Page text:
Next stop and the always busy and active Piccadilly Circus. Having visited it on numerous occasions, even when playing the game there were certain landmarks and buildings that were very familiar. Approaching the junction from Leicester Square gave a great, contrasting shot of Bond Street leading up to Oxford Street a short walk away. Although in the digital word this was beyond the game’s boundaries and inaccessible.

Still, I was able to capture a great shot which did match up in great detail between the two worlds. The intention was never to disprove the efforts of Ubisoft or cast aspersions as to the quality of its game engine, more to see and feel the level of immersion that can exist and be generated in setting a title such as this in a city more familiar than America.

Leaving the shopping district I headed down Whitehall, past Horse Guards Parade and to my final destination in Parliament Square at Westminster Abbey. This was one of the buildings in the digital world I had wanted to capture as a London landmark and when arriving was thrilled my journal concluded with this great contrasting shot.

As with St Paul’s, and perhaps because they are so well known and distinctive in their design, there were a great many elements that matched between the two versions of the building. Whether by design or happenstance I was somewhat impressed and accepting of the cleaner finish of the building in contrast to the dirtier exterior that exists today.

Overall, whilst there were some issues with the depth of certain locations, with certain attractions appearing rather flat, and a heavy reliance on a red brickwork finish across the game, this was another title I could just stop to marvel at how immersive and unified the digital and physical worlds continue to be.

By reader ATBonfire (Facebook)/around.the.bonfire (Instagram)/ATBonfire (WordPress)

The reader’s feature does not necessarily represent the views of GameCentral or Metro.

You can submit your own 500 to 600-word reader feature at any time, which if used will be published in the next appropriate weekend slot. As always, email gamecentral@ukmetro.co.uk and follow us on Twitter.

Why Red Dead Redemption II isn’t the game of the year – Reader’s Feature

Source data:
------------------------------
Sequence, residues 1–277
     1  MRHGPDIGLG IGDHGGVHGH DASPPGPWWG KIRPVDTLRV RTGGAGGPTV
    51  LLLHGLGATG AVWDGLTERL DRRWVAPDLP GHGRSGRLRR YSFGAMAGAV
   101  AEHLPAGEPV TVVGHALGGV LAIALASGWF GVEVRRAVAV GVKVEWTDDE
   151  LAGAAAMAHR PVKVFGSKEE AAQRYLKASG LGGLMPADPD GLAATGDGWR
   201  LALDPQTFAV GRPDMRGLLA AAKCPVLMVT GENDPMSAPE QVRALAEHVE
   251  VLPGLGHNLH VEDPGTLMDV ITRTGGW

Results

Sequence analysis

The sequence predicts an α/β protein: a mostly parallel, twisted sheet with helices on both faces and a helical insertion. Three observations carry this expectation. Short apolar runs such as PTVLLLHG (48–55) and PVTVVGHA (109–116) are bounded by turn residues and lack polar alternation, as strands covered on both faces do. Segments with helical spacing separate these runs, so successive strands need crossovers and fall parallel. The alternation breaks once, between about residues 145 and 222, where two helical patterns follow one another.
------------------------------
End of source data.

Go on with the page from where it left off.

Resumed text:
Red Dead Redemption II – Rockstar under fair

A reader is please Rockstar’s game didn’t win the biggest prize at The Game Awards and explains exactly what he thinks it gets wrong.

I’d written this feature already, about the reasons why I think Red Dead Redemption II has been overrated, but once I saw that it failed to win The Game Awards Game of the Year prize I quickly changed the title to show how much I agree with the decision. Especially once I saw Rockstar fans complaining about the loss and immediately inventing conspiracy theories to explain it all.

Red Dead Redemption II is not a bad game by any means, I might even go so far as to call it a good game but I don’t think it is anywhere close to being game of the year (even given this year hasn’t been that great) and certainly not the ridiculous game of the generation label that some have tried to attach to it.

For me it fails in three key areas and I‘d like to address each one in turn:

1. Gameplay

This is the key one for me, such that even if there wasn’t a single other flaw the game would still be severely compromised not matter what else it got right. Red Dead is just not particularly fun to play. The game as a whole is fun to experience but the horse-riding and particularly the combat is well below the standards of even a fairly low budget third person game.

The sad thing is it’s actually pretty good by Rockstar standards, but for some reason the industry’s most successful developer seems to have little interest in gameplay mechanics and has never sought to better itself. The controls are fiddly and awkward and that’s even when you’ve got auto aim on, as it gets considerably worse without it.

Hand-to-hand fighting is even worse, with hardly any moves and strangely awkward animation that suddenly turns the game into a sub-par wrestling sim, with no sense of weight or impact. Even using a bow isn’t that satisfying and that’s usually the best bit in any historical game.